Third parties may become involved in the contractual relationship between others such as stipulatio alteri (for the benefit of a third-party beneficiary). The third-party beneficiaries may claim the benefit only once they have accepted it and may sue for performance.

Excerpt from judgment

The recent SCA judgment in Loggenberg NO v Maree (286/17) [2018] ZASCA 24 (23 March 2018) provides a good example.

“[22] The submission is unsound. A typical stipulatio alteri or contract for the benefit of a third party, is a contract concluded between A and B for the benefit of a third party C, who by accepting the benefit becomes a party to that contract so that it is A and C who are bound to each other.[15] Such a contract has been recognised as enforceable in relation to a company not yet formed.[16]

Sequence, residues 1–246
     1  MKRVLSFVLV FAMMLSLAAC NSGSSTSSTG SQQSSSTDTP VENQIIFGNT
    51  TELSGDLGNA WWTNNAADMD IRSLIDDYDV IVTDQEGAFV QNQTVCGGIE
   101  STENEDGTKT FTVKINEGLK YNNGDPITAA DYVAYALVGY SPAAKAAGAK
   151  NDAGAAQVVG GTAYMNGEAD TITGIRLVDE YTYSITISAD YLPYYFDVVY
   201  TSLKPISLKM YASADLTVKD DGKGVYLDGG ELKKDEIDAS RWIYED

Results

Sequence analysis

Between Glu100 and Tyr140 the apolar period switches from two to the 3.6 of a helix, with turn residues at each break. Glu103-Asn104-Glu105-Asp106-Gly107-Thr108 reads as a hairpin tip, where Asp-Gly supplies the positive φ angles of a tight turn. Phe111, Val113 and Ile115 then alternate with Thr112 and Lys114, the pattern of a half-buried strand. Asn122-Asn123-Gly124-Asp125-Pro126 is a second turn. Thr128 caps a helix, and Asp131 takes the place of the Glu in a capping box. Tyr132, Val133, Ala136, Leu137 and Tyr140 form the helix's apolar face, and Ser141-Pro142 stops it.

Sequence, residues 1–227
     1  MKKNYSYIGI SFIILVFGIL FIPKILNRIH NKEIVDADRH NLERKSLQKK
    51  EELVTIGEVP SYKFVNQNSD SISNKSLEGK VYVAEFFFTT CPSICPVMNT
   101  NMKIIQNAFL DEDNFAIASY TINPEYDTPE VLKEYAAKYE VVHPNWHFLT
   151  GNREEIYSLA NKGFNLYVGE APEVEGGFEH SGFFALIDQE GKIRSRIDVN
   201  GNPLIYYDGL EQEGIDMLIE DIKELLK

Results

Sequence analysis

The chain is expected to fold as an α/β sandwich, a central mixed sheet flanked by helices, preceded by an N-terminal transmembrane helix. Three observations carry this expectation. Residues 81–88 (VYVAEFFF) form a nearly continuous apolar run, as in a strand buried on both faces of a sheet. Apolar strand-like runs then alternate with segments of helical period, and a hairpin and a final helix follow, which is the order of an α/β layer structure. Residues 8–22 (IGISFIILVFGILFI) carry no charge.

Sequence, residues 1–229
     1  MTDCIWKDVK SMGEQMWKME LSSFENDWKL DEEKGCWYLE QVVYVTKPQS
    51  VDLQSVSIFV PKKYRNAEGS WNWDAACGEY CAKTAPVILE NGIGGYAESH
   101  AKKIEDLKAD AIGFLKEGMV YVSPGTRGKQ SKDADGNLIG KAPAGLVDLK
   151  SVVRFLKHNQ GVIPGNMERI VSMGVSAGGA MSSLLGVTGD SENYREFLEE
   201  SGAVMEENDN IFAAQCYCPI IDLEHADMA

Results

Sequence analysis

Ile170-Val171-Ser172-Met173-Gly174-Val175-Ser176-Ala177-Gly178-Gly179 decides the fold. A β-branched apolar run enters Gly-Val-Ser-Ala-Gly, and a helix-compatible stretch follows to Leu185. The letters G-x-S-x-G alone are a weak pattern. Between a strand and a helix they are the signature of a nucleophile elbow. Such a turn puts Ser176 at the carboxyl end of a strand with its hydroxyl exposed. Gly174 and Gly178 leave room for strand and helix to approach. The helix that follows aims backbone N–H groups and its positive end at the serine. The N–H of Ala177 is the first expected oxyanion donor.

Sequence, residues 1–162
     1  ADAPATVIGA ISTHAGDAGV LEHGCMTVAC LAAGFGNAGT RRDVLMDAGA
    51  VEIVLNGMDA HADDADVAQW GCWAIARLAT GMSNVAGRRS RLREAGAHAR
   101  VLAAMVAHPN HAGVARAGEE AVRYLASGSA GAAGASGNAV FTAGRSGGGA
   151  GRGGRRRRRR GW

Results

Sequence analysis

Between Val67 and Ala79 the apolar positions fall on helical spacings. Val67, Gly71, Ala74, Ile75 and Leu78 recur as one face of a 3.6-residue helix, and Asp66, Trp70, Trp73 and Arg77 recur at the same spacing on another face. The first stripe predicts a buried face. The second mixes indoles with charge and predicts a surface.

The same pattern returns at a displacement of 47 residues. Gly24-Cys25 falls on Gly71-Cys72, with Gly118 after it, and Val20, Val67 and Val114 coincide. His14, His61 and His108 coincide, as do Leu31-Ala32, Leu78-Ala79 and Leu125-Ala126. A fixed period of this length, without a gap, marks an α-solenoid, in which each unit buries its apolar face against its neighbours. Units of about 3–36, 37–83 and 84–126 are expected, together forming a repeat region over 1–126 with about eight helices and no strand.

So, nothing turns on the fact that the Trust was not in existence when the oral agreement was concluded. It appears that the agreement was a fairly typical stipulatio alteri. Once the Trust was established, by accepting the benefit of the oral agreement, it could obtain the right Mr Loggenberg contracted for, ie the transfer of Weltevreden. And since the oral agreement was capable of being construed other than as a sale, it would not be prohibited by s 2(1) of the Act. Of course, it is an entirely different matter whether the oral agreement can be proved and whether the Trust indeed accepted the benefit of that agreement. But these are matters for trial, not exception“. [ footnotes omitted]